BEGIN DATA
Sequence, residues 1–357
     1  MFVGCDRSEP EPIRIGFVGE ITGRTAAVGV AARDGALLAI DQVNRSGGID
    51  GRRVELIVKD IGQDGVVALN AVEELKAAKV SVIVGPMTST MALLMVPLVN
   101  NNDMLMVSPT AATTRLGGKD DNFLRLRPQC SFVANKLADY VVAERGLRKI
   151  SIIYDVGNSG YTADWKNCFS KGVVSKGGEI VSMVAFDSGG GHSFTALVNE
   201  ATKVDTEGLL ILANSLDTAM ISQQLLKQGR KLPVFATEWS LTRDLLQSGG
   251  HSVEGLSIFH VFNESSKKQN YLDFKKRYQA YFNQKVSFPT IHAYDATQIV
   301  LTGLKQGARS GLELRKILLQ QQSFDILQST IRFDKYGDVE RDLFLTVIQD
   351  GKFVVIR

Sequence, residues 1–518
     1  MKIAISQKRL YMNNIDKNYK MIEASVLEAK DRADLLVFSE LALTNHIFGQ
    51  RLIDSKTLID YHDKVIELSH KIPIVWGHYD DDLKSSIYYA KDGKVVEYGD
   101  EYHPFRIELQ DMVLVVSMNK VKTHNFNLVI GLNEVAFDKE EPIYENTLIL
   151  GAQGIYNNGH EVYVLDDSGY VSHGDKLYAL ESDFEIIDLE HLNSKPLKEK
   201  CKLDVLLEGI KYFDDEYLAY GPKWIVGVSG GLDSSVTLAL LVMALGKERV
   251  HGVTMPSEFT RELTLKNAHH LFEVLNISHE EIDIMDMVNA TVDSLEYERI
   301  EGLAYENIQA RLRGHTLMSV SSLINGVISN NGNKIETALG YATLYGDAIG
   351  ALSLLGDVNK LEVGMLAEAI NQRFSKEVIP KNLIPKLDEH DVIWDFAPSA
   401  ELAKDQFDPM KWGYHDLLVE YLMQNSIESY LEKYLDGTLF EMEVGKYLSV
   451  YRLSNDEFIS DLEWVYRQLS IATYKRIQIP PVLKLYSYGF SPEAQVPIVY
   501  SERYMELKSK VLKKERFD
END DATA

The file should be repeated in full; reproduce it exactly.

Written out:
Sequence, residues 1–357
     1  MFVGCDRSEP EPIRIGFVGE ITGRTAAVGV AARDGALLAI DQVNRSGGID
    51  GRRVELIVKD IGQDGVVALN AVEELKAAKV SVIVGPMTST MALLMVPLVN
   101  NNDMLMVSPT AATTRLGGKD DNFLRLRPQC SFVANKLADY VVAERGLRKI
   151  SIIYDVGNSG YTADWKNCFS KGVVSKGGEI VSMVAFDSGG GHSFTALVNE
   201  ATKVDTEGLL ILANSLDTAM ISQQLLKQGR KLPVFATEWS LTRDLLQSGG
   251  HSVEGLSIFH VFNESSKKQN YLDFKKRYQA YFNQKVSFPT IHAYDATQIV
   301  LTGLKQGARS GLELRKILLQ QQSFDILQST IRFDKYGDVE RDLFLTVIQD
   351  GKFVVIR

Sequence, residues 1–518
     1  MKIAISQKRL YMNNIDKNYK MIEASVLEAK DRADLLVFSE LALTNHIFGQ
    51  RLIDSKTLID YHDKVIELSH KIPIVWGHYD DDLKSSIYYA KDGKVVEYGD
   101  EYHPFRIELQ DMVLVVSMNK VKTHNFNLVI GLNEVAFDKE EPIYENTLIL
   151  GAQGIYNNGH EVYVLDDSGY VSHGDKLYAL ESDFEIIDLE HLNSKPLKEK
   201  CKLDVLLEGI KYFDDEYLAY GPKWIVGVSG GLDSSVTLAL LVMALGKERV
   251  HGVTMPSEFT RELTLKNAHH LFEVLNISHE EIDIMDMVNA TVDSLEYERI
   301  EGLAYENIQA RLRGHTLMSV SSLINGVISN NGNKIETALG YATLYGDAIG
   351  ALSLLGDVNK LEVGMLAEAI NQRFSKEVIP KNLIPKLDEH DVIWDFAPSA
   401  ELAKDQFDPM KWGYHDLLVE YLMQNSIESY LEKYLDGTLF EMEVGKYLSV
   451  YRLSNDEFIS DLEWVYRQLS IATYKRIQIP PVLKLYSYGF SPEAQVPIVY
   501  SERYMELKSK VLKKERFD